Where Colors Bloom From Grey
“Creation is grey”, as a Polish poet says it, “and sometimes it merely catches light. Other times it blooms.”
It is my first fine thought while looking at the works of Kim Oliveros. It’s this very mood of greyness shining through, a knowing mask pressed on these vivid faces of invention. It’s a kind of greyness that speaks and yet does not say much. It wants to reveal— perhaps one’s identity, a broadening artistry, sense and philosophy, influences, a personal life, and the true heart kept behind his art. And yet it’s difficult to know.
This greyness relates to the grid of canvases where I can imagine how the painter’s brush is poised and strokes grow into images, life-like like lush white orchids. They take branch and root, are pruned, shaped and presented to the spectators, tender on the brink of criticisms and appreciation.
There is the portrait that I love. It catches my introspective eye. It’s called Saving Things That Eventually Die. It tugs the heartstrings of my own kind of visual admiration. Looking at it, I can sense remembrance straightaway, furiously surrendering and telling behind the elaborate exterior. There’s a nostalgic quality to it— how it appears on the surface like a novel representation of an Oriental portrait. And yet there’s more to this humble work. I wonder why colors are subdued. How flowers are carried and seem to mumble their eventual yellow fading, and how the face of the woman in a kimono freezes in the gentle feeling of discomfort, perhaps of knowing what is finite and holding it as long as she can. It’s as if she is holding on to these flowers that matter to her, her keepsakes.
While reading some essays he wrote, notes and anecdotes, there seems to be a profound and fundamental understanding, even poignant, to Oliveros’ maturing artistry. “It also signifies my attachment to my belongings that have sentimental value and transitioning into something unknown,” he writes. From his still life paintings, his subtle portraitures, the pleasant oddity of mental vignettes coming in fragments— they all represent a way of seeing—his own— and of hoping, in the world that only he knows fully and can translate in paintings and mixed-media art.
There are other works to navigate. If one is drawn to know the nostalgia which is a central psychological element to his works, each painting can be like a lit path to discover the full labyrinth of his oeuvre. In fact, it is almost as if the very life in each work, this very abundance of soul put into it, Oliveros is reaching to us to remind us. We go on our endless loop of remembering, despite distances and change of seasons. There’s a part of us that also desires to paint with such intimate detail, like bits of garments whose stark colors dwell inside our heads and still haunt us. Images bright as kimonos live, they go on living, through this love of remembering, the passion it fuels and relates to other people. In a time when so much seems to slip out of our grasp of remembrance despite our frenzy of mental documentation, we can learn from his works.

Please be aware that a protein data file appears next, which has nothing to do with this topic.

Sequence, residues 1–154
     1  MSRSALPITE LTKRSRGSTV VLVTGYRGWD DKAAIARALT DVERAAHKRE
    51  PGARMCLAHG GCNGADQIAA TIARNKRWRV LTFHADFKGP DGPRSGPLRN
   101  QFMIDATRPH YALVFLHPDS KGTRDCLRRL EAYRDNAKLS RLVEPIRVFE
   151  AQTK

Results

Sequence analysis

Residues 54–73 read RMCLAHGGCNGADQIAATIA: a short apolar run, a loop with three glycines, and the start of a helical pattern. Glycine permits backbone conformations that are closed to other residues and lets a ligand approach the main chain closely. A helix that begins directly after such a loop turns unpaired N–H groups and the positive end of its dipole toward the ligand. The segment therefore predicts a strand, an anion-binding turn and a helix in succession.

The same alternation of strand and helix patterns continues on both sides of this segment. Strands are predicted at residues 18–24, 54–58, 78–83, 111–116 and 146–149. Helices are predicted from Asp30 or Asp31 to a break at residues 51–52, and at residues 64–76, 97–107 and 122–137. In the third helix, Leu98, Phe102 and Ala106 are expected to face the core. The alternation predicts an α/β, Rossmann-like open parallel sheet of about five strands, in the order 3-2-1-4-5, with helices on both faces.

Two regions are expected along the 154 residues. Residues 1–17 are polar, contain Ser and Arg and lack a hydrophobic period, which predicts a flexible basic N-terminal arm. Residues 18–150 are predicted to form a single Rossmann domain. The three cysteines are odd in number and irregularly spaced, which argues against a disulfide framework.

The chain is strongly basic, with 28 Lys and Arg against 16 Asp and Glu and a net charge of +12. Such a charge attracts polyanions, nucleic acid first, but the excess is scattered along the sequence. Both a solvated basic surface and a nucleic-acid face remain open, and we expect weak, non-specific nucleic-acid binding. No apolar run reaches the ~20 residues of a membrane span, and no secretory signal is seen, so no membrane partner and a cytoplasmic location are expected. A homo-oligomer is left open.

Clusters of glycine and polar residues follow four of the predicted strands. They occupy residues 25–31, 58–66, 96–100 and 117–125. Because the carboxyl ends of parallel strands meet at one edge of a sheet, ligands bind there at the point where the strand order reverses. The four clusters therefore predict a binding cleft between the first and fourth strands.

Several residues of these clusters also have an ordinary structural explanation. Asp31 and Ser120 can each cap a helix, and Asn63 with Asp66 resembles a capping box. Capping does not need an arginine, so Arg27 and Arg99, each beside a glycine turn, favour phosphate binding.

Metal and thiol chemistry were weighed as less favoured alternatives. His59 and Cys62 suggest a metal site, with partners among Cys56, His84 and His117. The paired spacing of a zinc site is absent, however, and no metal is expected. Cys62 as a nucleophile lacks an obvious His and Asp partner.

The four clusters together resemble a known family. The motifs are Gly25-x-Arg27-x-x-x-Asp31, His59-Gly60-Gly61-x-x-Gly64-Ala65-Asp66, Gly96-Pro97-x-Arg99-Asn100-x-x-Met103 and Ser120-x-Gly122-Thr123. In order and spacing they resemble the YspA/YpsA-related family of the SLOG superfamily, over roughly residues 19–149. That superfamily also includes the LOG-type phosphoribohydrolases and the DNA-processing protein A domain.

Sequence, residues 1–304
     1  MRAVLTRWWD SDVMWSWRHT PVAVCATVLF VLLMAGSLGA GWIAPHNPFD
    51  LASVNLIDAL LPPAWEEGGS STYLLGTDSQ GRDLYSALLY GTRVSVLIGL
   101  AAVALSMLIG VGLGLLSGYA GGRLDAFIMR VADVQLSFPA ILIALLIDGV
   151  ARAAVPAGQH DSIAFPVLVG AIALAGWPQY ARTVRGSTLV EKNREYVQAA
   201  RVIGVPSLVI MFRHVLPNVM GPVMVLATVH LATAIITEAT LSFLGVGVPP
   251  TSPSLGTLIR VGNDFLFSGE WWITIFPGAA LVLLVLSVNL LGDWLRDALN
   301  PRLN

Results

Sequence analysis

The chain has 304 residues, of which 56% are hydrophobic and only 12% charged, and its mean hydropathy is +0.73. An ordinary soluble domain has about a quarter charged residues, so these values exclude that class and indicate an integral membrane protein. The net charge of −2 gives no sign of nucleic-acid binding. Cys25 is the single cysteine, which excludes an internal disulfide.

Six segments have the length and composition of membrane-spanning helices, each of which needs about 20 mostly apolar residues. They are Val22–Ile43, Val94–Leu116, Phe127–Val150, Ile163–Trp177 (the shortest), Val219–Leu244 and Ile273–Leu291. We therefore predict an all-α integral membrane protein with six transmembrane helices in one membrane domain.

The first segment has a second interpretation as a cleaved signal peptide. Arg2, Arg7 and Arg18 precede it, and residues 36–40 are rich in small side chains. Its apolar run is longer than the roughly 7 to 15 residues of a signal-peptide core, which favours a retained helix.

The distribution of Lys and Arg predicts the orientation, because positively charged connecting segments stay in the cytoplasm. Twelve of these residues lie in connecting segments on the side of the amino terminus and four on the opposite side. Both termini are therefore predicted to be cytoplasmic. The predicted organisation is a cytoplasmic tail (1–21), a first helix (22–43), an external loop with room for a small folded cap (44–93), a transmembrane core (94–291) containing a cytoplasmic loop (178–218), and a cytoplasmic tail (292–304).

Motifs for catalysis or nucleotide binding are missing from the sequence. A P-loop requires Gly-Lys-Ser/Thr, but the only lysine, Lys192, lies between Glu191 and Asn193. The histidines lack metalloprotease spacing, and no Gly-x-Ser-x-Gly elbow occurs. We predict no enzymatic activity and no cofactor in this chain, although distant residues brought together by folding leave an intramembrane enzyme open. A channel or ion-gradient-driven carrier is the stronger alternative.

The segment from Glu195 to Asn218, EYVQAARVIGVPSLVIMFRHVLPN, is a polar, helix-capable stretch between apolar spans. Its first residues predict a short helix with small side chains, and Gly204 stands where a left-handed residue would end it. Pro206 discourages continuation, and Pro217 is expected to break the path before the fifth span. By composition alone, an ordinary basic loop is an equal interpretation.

His works form a beautiful elegy for the viewing world, for those who feel they may never return, but are still dwelling in such fevered longing. Greyness that mourns and also celebrates, and only art can transcend and immortalize it.
Throughout the brushwork in an artist’s life, a way of understanding, Oliveros continues to create in hope to map the unnameable landmarks in memory, and as he says it, “I am looking forward to more unknown offerings and more transitions.” Life is grey. It may bloom, it should, and it doesn’t end there.
Words by Arian Rey Tejano
In Pursuit of Fragments that Bloom
To pass by a spectator’s moment of notice is to reveal
stories. Her own. How she is there, tender,
wearing a kimono, a perfect fit worn today, sown
years ago. How she takes pause,
such close-up of eyes
doleful in the nature of keeping things— a vase
of yellow flowers. Her hands
that know only two things— holding
and letting go.
How, perhaps, before this moment arrives,
she has taken poises of carrying herself.
Perhaps she knows too well
how to sophisticate from her spine, her neck now
in a supple twist,
the way a native woman discerns
a horrifying nuance from a distance,
slighting the far-off danger.
How she must move carefully.
And now, she’s there,
profile-perfect as she waits, in transience
between breathing and remembering
’til the painter freezes her in canvas,
her most perfect compliance,
by Arian Rey Tejano
Artworks from the Show
Don't You Remember, Kim Oliveros, 2018, Oil on canvas, 54×54 in
Moments Passed I, Kim Oliveros, 2018, Oil on canvas, 48 in diameter
Moments Passed II, Kim Oliveros, 2018, Oil on canvas, 48 in diameter
Moments Passed III, Kim Oliveros, 2018, Oil on canvas, diptych
Moments Passed IV, Kim Oliveros, 2018, Oil on canvas, 19×14 in